Schenectady murder suspect’s son charged with beating pitbull with shovel
Updated 10:17 a.m.
SCHENECTADY An apparent neighbor dispute last month has resulted in a felony charge against the man who took in his younger siblings after his mother was arrested on a murder charge earlier this year.
DC Dunkel, 20, of Mynderse Street, was charged Monday with third-degree criminal mischief after his neighbor, Gaston Hooks, said he smashed out the rear window of Hooks’ van with a pipe April 27 on nearby Locust Avenue. The charge was elevated to a felony because the damage is estimated at more than the $250 threshold for the felony charge.
The charge, though, is based on the word of a neighbor, Dunkel’s attorney noted, and, if it came down to it, the case would be decided on credibility and in his client’s favor. The attorney, Steve Signore, also said he doesn’t see the charge impacting the man’s custody of his younger siblings because the charge has nothing to do with them or his custody.
Court paperwork bases the charge on Hooks’ “personal knowledge and investigation.”
Dunkel remains free on his own recognizance, Signore said, and added that he has no criminal history.
Further details on the incident were not provided Wednesday by Schenectady police.
Dunkel also faces animal-cruelty charges stemming from alleged incidents on April 30 and May 6 in Schenectady. The Schenectady County Society for the Prevention of Cruelty to Animals says Dunkel beat his dog with a shovel. He was charged with aggravated animal cruelty.
The SPCA gave the following account:
On April 30, SPCA investigators began investigating reports of a two-year old male pitbull being beaten by a man with a shovel, which a witness claimed to have recorded.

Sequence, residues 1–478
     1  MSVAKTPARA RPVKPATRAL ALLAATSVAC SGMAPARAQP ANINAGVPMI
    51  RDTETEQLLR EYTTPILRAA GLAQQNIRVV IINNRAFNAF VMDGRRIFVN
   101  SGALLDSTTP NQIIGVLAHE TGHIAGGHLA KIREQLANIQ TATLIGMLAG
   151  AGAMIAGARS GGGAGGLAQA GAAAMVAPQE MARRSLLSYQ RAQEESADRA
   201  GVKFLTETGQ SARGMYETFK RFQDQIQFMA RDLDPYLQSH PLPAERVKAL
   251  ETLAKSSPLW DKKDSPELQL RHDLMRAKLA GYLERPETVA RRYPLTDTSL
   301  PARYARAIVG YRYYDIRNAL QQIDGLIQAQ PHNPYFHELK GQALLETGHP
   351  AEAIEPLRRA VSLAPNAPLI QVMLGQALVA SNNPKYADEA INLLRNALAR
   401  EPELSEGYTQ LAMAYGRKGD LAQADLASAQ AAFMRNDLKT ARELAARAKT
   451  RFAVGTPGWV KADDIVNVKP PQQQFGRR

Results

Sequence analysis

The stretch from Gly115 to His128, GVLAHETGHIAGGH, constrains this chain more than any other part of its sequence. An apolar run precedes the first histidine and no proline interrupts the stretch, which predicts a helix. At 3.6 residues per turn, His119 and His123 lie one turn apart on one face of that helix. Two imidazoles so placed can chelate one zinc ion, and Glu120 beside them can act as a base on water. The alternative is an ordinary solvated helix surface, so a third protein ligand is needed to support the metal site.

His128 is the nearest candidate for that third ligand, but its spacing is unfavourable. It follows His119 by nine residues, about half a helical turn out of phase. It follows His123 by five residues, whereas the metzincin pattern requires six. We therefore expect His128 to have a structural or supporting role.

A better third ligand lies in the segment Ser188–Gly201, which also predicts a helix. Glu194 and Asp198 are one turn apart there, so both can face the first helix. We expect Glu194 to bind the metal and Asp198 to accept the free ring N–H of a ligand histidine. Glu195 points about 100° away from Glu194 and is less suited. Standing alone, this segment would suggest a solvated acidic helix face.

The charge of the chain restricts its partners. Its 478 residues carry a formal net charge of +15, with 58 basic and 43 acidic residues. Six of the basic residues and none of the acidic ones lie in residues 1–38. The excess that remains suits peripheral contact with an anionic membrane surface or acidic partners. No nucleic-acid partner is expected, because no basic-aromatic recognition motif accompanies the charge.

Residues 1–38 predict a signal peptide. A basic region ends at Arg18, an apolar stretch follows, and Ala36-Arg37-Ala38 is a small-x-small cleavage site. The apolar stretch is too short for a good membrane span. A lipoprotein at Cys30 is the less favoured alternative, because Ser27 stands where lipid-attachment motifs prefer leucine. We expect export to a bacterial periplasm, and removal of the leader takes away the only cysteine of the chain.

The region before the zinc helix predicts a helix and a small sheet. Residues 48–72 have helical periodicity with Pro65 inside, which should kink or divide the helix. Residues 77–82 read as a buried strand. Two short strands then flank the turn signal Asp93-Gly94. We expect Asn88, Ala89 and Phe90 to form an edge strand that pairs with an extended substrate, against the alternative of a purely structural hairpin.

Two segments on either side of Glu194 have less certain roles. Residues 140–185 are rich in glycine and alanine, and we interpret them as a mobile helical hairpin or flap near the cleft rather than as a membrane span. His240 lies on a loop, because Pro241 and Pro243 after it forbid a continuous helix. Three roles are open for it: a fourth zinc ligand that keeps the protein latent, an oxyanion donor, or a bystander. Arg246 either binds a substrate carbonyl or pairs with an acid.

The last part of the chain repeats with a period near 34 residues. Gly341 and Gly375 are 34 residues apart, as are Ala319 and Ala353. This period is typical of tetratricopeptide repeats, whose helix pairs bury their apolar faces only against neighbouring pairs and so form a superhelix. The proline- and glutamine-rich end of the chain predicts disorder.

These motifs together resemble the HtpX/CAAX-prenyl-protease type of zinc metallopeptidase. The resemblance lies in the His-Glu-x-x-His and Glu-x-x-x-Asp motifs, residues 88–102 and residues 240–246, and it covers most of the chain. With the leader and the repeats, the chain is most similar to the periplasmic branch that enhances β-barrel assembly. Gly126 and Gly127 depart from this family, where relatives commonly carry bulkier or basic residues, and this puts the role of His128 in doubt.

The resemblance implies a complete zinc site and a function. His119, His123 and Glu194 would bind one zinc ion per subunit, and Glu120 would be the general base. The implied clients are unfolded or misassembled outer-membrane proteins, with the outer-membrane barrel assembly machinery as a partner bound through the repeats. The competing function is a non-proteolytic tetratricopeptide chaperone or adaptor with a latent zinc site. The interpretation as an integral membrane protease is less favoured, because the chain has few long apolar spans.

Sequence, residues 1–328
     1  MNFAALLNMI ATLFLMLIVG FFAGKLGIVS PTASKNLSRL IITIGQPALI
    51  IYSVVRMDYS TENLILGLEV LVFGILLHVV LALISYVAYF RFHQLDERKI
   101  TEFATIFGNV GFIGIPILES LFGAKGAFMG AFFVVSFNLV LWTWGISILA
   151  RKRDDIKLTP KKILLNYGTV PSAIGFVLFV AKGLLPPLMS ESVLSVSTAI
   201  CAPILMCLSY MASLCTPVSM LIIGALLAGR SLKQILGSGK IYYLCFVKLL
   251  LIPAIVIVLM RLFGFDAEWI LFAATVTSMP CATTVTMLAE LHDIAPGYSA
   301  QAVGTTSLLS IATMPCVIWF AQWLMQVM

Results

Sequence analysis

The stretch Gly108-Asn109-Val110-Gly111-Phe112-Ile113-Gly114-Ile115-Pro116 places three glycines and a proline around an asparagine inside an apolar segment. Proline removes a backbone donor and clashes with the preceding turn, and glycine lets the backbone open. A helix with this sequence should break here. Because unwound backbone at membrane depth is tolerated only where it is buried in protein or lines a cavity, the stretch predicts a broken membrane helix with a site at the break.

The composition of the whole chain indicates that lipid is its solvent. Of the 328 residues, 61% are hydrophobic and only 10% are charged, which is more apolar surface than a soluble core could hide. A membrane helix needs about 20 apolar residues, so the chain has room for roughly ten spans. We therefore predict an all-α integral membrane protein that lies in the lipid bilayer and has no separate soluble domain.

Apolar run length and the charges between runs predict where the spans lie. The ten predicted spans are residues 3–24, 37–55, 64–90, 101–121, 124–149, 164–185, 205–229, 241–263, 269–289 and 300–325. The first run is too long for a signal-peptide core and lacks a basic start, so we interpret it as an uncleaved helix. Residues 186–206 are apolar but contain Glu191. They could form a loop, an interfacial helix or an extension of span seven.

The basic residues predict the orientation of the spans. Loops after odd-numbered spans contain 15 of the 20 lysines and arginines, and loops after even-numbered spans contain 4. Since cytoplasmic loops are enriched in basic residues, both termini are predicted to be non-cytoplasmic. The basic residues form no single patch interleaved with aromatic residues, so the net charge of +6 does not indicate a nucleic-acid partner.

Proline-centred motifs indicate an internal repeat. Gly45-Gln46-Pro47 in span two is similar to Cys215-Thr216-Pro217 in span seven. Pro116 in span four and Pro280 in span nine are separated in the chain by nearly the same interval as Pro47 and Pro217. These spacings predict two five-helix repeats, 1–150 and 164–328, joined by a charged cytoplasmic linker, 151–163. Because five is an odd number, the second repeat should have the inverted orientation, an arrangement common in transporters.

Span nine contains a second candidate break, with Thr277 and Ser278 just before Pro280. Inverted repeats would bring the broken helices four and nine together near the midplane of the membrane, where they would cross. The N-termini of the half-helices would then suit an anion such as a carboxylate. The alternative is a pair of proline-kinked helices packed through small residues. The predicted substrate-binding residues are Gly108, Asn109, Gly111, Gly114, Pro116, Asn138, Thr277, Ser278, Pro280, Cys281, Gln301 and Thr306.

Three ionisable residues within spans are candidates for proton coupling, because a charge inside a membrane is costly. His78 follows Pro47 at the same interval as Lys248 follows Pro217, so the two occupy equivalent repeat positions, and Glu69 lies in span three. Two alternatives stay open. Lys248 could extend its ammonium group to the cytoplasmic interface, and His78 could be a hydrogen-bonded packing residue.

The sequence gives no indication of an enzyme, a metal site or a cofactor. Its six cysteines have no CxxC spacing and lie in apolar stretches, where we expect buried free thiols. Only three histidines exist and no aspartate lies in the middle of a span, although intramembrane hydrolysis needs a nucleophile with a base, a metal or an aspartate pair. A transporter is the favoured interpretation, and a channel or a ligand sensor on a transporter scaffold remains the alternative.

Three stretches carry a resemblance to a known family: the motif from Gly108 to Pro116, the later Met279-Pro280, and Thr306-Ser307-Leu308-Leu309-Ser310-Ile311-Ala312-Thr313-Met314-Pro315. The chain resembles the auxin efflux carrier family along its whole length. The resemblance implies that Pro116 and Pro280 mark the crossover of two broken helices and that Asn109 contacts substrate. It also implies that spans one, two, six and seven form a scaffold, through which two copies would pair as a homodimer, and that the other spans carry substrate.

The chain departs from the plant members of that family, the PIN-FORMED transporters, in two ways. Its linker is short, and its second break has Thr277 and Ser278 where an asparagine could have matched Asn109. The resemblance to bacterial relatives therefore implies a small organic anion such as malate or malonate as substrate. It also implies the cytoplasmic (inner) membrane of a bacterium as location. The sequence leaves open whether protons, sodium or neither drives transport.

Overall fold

Officers were investigating the incident when they received another tip from the witnesses who claimed to have another recording of the dog being beaten on May 6.
In the case stemming from the apparent neighbr dispute, Dunkel's neighbor Hooks has his own criminal history: a 2004 conviction for first-degree perjury and tampering with physical evidence, records show. The perjury convictions related to asking people to lie for him, the evidence tampering for preparing false statements for them to sign.
Also filed against Dunkel was a complaint for illegal dumping, with a different complainant. That count, a violation, accuses Dunkel of dumping waste and debris on another individual’s nearby property April 6.
Dunkel’s mother, Gloria Nelligan, was accused in February of beating her 8-year-old grandson — Dunkel’s nephew — to death. Nelligan, 43, was later indicted on one count each of second-degree murder and first-degree manslaughter in the Feb. 23 death of Sha’hiim Nelligan.
Nelligan is accused of using items including a wooden back scratcher and hair brush to beat the child ultimately to death. The beatings, prosecutors have said, took place over a 24-hour period and were so severe that much of the child’s blood went to bruising. That meant there was little blood left to circulate in his body, causing his death.
Nelligan has pleaded not guilty.
In the aftermath, Dunkel took in his younger siblings and has since gained temporary custody, Signore said.
He said Dunkel has been working with the county Department of Social Services and Family Court to make that custody permanent.